30th January 2014
So Federal Reserve tapering has begun in earnest. On this trajectory, cutting the amount of bond purchases by $10bn at each or at least most of the eight Fed meetings, and the US bond buying programme could be over around the end of the year.
Of course the Fed would still hold a huge amount of paper. Likewise the Bank of England may have stopped active quantitative easing, but it still holds a huge quantity of securities while Japan is intent on boldly injecting more liquidity into the system and, perhaps, the ECB will follow suit depending on inflation.
Such facts have not, however, stopped the sense of crisis afflicting many emerging markets.
Indeed, it feels as if we have witnessed a phoney war as tapering was first trailed last year, a phoney peace as the first reduction was greeted with relative calm because the $10bn reduction was a smaller amount than first feared. Now markets know the direction of travel and have reacted characteristically – by panicking.
The last few weeks have seen a new sense of nervousness stalk the world. Argentina, a market few people care about – apart from Argentinians – has arguably suffered most. It is interesting to see statements issued by commentators and indeed Latin American fund managers discussing that rather unhappy country in some detail, before making it clear they have no holdings there.
But other more significant nations have had their share of troubles not least Turkey. Last night, the Turkish lira had weakened to 2.3 against the dollar from around 2.25, even after the central bank delivered a bumper rate hike to 12pc from 7.75pc.
There are also concerns about Japanese and Chinese growth too. We have seen in the last 24 hours a flight to supposedly safe havens such as Swiss and German bonds. The hot global money is moving.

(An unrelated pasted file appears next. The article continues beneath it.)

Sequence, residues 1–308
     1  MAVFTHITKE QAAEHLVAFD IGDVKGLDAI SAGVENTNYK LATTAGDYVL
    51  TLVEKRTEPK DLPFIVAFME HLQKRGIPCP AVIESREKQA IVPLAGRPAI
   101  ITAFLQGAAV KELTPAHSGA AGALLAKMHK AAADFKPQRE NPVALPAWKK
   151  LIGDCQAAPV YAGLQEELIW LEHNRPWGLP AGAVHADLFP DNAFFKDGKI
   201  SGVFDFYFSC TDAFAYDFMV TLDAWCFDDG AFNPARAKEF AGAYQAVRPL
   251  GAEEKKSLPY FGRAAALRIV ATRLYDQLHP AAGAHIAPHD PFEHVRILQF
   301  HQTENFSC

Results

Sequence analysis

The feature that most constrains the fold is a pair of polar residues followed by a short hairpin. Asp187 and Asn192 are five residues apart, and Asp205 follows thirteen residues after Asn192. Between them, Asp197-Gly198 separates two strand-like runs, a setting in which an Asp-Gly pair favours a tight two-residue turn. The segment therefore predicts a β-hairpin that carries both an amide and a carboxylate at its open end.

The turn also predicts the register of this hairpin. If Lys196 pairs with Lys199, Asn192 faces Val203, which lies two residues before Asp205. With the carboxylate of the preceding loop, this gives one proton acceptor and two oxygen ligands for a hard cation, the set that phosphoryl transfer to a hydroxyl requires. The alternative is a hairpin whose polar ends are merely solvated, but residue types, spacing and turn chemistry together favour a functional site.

So what about money that isn’t quite so hot i.e. most retail investors’ money? Well the experts are still saying stick with EM. In recent days we have seen Psigma’s CIO Tom Becket say that despite the problems, it makes sense to have an EM allocation, though he adds that the one thing emerging markets have in common is a lower pace of growth. Political instability, say that afflicting Turkey or more significantly Thailand, is not universal.
Franklin Templeton’s EM investment guru Mark Mobius told Bloomberg this week that “given the fact that emerging markets are still growing fast, given that they have low debt-to-GDP ratios, given that they have high foreign-exchange reserves, we believe that money will be flowing back in again to emerging markets”.
Ashmore’s outspoken head of research Jan Dehn has been making that case even more forcefully in recent months saying that the crisis really ought to be in developed markets.
“We know that markets are still extremely bad at valuing the EM assets class during periods of general policy uncertainty,” he said this week.
Yet even this EM advocate suggested it would be unwise to blindly buy all emerging market credit in simple contrarian terms. An investor needs to be selective he added.
And Hargreaves Lansdown also has a view. Adrian Lowcock, senior investment manager, said: “Tapering by the US Federal Reserve is causing a sell-off in emerging market currencies and loses in stock markets as investors switch to safer assets classes. The recent sell-off acts as a reminder that emerging markets can be volatile and are only suitable for long term investors.”
“Sell-offs create opportunities. Emerging markets are beginning to look cheap and many companies are attractively valued. However sentiment towards the asset class remains negative and it could be a long while before we see a recovery. Timing markets can be extremely difficult and catching the bottom is almost impossible. We recommend investors focus on the long term. One way to take advantage of the volatility is to drip feed investment into emerging markets through monthly savings.”
That is one way to approach things certainly. Clearly it is best to buy when valuations are cheap. All told, this ‘crisis’ should be an opportunity. It is just that for some investors it may seem like catching a falling knife.